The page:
Sentiments of a British-American Woman by Owen S. Ireland

Sentiments of a British-American Woman Esther Deberdt Reed and The American Revolution by Owen S. Ireland Pennsylvania State University Press, 264 pp., cloth $89.95 Esther DeBerdt Reed led a remarkable and significant life. Born in 1746, this daughter of a prosperous London merchant fell in love with Joseph Reed, a young American law student with whom she sustained a years-long transatlantic...
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The Last Days of William Penn

“My poor Dearests last breath was fetchd this morning between 2 & 3 a Clock.” So wrote a distraught Hannah Penn to longtime friend and advisor Thomas Story on July 30, 1718. The remains of her husband were taken to Jordans Meeting House in Buckinghamshire and buried there on August 5 beside his first wife Gulielma. Quakers and non-Quakers alike attended the funeral. Jordans is a quiet place,...
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The Loyal Son by Daniel Mark Epstein

The Loyal Son The War in Ben Franklin’s House by Daniel Mark Epstein Ballantine Books, 464 pp., cloth $30 The Loyal Son vividly narrates the complex and often painful relationship between Benjamin Franklin (1706–90) and his son William Franklin (c.1730–1813), from its beginnings in Philadelphia to its foundering on the rocks of the American Revolution. For some 40 years, the pair were on warm,...
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Harriet Lane Johnston: The Legacy of a White House Hostess

On the cool, overcast day of May 9, 2017, a dozen nurses from the Johns Hopkins Children’s Center arrived by bus at Green Mount Cemetery, a leafy 19th-century oasis in center city Baltimore. They carried a generous bouquet of flowers to decorate the grave of Harriet Lane Johnston, niece of James Buchanan (1791–1868), Pennsylvania’s only U.S. president. “Without Harriet Lane, we don’t know what...
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Young William Penn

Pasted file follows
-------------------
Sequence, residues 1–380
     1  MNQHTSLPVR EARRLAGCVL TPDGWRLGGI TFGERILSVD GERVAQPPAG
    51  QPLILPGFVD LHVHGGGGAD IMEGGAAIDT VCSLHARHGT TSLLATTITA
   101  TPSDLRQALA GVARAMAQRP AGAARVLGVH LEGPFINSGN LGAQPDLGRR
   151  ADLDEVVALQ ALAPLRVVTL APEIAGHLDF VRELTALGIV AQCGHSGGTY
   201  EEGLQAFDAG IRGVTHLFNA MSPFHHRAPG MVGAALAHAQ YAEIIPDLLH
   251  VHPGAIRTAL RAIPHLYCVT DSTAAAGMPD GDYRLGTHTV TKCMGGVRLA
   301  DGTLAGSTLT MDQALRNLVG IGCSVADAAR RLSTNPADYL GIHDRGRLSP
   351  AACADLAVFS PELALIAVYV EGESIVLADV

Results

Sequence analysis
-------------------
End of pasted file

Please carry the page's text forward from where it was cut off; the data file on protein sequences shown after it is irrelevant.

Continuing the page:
There’s an old idiom that says “the child is father of the man,” but this is complicated by the stage between childhood and adulthood – adolescence. The usual image of William Penn is of a pious, peaceable Quaker who rejected anything loud, proud or worldly. But his upbringing took place in the extremism, violence and carnality of mid-17th-century England. By the end of...
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From Wilkes-Barre to the Wild West: George Catlin, Indian Painter

His early exposure to American Indians indelibly impressed northeastern Pennsylvania native George Catlin (1796–1872). His mother Mary “Polly” Sutton Catlin (1770–1844), married in 1789 to Putnam Catlin (1764–1842), formed his earliest impressions of Native Americans. With her mother Sarah Smith Sutton (1747–1834) she was captured and held captive at the age of seven by Iroquois. The day was...
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Historian of Pennsylvania Exceptionalism: Samuel W. Pennypacker

Reflecting on “the play of forces” that propelled him to Pennsylvania’s governor’s office in 1903, Samuel Whitaker Pennypacker (1843–1916) confidently declared, “there is no such thing as an accident” (a notion popularized by Sigmund Freud, the founding father of psychoanalysis). This was not to say chance plays no part in history because he pronounced with equal certitude: “To every man certain...
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Currents

Hat’s Off! The Philadelphia Museum of Art will celebrate the art and craft of twentieth century millinery in the first major survey of its kind ever to be mounted in the United States. “Ahead of Fashion: Hats of the Twentieth Century” will open on Saturday, August 21 [1993], and continue through Sunday, November 28 [1993]. The exhibition will showcase one hundred of the...
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Currents

Fancy That! “Capricious Fancy: Draping and Curtaining, 1790-1930,” an exhibition tracing the history of design sources for draping and curtaining American and European interiors during the span of nearly one hundred and fifty years, will open at the Athenaeum of Philadelphia on Monday, December 6 [1993]. On view will be a selection of rare books, prints, and trade catalogues drawn...
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Mailbox

On March 18, 1811, Gov. Simon Snyder approved an act of the legislature for the creation of Schuylkill County from parts of Northampton and Berks counties. A map of Pennsylvania by John Melish, dated 1822, shows a “Kaups Creek,” a tributary of the Little Schuylkill River, to the east of Orwigsburg (which served as the county seat until 1851). Information regarding this creek is...
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